December 16, 2007


If you saw "Hard Candy,"
you'd better hope I'm 19.

Grade: B +
Starring: Ellen Page, Michael Cera, Jennifer Garner, Jason Bateman, Allison Janney, and J.K. Simmons
Rating: PG-13
Running Time: 1 hour, 32 minutes

Having already blazed a trail into news, politics, sports, and gossip, it was just a matter of time before the blogosphere established a beachhead in the world of cinema. Twenty-nine year-old Diablo Cody (birth name Brook Busey-Hunt) already had a loyal following for her Pussy Ranch weblog and 2006 memoir Candy Girl: A Year in The Life of an Unlikely Stripper before penning Juno, a coming-of-age dramedy about a teenager’s unplanned pregnancy. Cody’s whip-smart script not only tackles touchy life lessons without sanctimony but also finds hilarity as a so-called “teenage comedy” without the crutch of defiled desserts or an endless string of profane Apatow-isms.

Some may decry, with some justification, Cody’s rapid-fire, Gen-Y argot as too “Sundancy,” more concerned with movie-speak than people-speak. This critique, however, ignores that her prose is less concerned with concocting a template for verbal communication than establishing a breezy, vehicle for character definition and development.

Of course, it helps when that prose is being delivered by Ellen Page, who, at age 20, has already developed into the actress everyone once thought Christina Ricci would become (Ricci’s underappreciated turn in Black Snake Moan notwithstanding). Although Page’s breakout performance in 2005’s Hard Candy seemed too much like an acting school exercise, it still flashed the raw potential that blossoms here in the hands of Cody and director Jason Reitman (Thank You For Smoking).

After seducing her high school class/band-mate Paulie Bleeker (Michael Cera, again effectively channeling the same nebbish persona found in Superbad and Arrested Development), the gravid Juno (Page) must decide the fate of her unborn child. However, Juno is not a jeremiad against teenage pregnancy, pre-martial sex, or abortion, as some have suggested. Rather, as the self-styled “smartest person in the room,” Juno’s overarching journey is the realization of her own immaturity - her witty bluster is not a byproduct of self-esteem but rather an aegis shielding her lack of it.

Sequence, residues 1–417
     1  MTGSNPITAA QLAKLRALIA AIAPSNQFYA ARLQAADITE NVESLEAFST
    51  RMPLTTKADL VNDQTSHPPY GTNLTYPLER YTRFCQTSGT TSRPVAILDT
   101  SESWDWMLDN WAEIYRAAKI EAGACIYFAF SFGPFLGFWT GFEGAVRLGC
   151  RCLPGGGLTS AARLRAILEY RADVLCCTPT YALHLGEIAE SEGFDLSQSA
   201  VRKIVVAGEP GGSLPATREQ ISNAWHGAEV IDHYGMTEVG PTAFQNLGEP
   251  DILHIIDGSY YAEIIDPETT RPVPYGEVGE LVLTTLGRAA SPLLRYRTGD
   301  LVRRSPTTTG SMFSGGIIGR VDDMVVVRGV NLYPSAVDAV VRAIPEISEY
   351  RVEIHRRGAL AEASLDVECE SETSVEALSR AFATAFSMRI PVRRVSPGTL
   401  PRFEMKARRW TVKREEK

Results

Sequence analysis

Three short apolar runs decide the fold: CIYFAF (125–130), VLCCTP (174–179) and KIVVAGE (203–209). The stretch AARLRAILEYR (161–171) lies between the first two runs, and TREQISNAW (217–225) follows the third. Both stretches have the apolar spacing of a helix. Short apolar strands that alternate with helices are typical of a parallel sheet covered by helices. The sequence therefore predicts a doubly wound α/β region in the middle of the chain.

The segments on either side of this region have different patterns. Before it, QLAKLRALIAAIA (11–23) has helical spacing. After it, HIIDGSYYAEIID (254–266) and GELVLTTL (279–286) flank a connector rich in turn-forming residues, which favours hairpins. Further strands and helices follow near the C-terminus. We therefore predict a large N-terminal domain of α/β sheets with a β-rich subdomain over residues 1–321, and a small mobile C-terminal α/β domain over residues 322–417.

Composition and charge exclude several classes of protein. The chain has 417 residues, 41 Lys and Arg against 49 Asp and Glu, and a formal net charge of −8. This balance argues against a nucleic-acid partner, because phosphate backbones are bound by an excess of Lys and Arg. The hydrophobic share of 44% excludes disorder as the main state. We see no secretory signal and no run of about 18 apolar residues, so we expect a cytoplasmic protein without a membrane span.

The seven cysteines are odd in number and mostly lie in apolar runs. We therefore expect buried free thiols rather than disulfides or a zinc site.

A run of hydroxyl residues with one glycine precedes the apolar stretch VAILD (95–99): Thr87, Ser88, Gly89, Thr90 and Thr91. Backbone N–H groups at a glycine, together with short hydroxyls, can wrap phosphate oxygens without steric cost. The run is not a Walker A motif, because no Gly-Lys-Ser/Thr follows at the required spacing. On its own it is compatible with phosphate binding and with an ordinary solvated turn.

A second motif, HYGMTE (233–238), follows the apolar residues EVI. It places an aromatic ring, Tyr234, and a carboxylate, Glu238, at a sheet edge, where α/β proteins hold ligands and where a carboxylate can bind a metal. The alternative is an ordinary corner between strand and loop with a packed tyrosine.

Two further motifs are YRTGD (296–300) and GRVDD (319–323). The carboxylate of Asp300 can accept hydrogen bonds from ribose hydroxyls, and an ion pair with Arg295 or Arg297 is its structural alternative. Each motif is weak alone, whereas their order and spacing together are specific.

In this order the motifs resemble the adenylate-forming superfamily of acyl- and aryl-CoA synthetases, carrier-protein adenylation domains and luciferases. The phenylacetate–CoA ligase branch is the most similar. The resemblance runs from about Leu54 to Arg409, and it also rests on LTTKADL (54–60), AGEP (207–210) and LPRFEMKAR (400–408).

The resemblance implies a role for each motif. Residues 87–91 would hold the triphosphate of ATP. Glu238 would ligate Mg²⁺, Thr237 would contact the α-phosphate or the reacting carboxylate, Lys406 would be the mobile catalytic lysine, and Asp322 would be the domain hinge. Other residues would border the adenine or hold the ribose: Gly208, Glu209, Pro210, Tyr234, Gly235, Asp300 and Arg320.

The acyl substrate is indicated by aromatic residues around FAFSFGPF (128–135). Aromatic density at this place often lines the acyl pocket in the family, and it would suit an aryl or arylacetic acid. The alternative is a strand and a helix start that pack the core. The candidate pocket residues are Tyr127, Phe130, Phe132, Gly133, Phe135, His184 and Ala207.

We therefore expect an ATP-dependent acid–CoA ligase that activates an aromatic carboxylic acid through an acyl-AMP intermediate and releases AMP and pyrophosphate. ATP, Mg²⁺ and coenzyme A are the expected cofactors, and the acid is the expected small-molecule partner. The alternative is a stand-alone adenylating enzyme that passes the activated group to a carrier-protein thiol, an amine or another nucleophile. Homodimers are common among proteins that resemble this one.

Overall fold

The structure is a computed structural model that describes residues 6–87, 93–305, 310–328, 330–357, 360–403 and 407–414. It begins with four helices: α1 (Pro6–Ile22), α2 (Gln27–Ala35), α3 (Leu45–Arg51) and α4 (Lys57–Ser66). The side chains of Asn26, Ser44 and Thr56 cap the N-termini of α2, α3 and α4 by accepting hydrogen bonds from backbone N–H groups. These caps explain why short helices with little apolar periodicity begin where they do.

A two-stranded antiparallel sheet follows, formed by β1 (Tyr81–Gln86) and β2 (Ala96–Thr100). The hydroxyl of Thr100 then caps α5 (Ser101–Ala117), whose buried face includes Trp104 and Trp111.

Even cleverer is that the audience joins Juno in discovering the true nature of supporting characters who defy genre strictures by being, well, so normal. Juno’s Army-vet dad (J.K. Simmons) turns out a supportive father-figure who fancifully considers himself his daughter’s best friend. Similarly, instead of some shrewish hag, Juno’s stepmother (Allison Janney) leaps to her aid on several occasions. And, Paulie is not some callous dude who flees Juno’s side in her time of need, but instead an equally overwhelmed teenager who stands ready to provide as much love and understanding as he is capable and Juno is willing to receive.

More provocative still are Mark and Vanessa (Jason Bateman and Jennifer Garner), the childless couple Juno chooses to adopt her baby. Vanessa is initially cast as an uptight suburbanite, while Juno launches a platonic kinship with Mark, spending afternoons with him playing guitar, listening to Sonic Youth and The Melvins, and measuring the aesthetic merits of schlock horror flicks. However, Cody eventually flips our perceptions of each character – the Apostle Paul’s admonishment for men to “put away childish things” springs to mind – and further demonstrates Juno’s overarching theme that maturity is not merely a reluctant acceptance of responsibility, but instead the reclassification of cool.

Neil Morris

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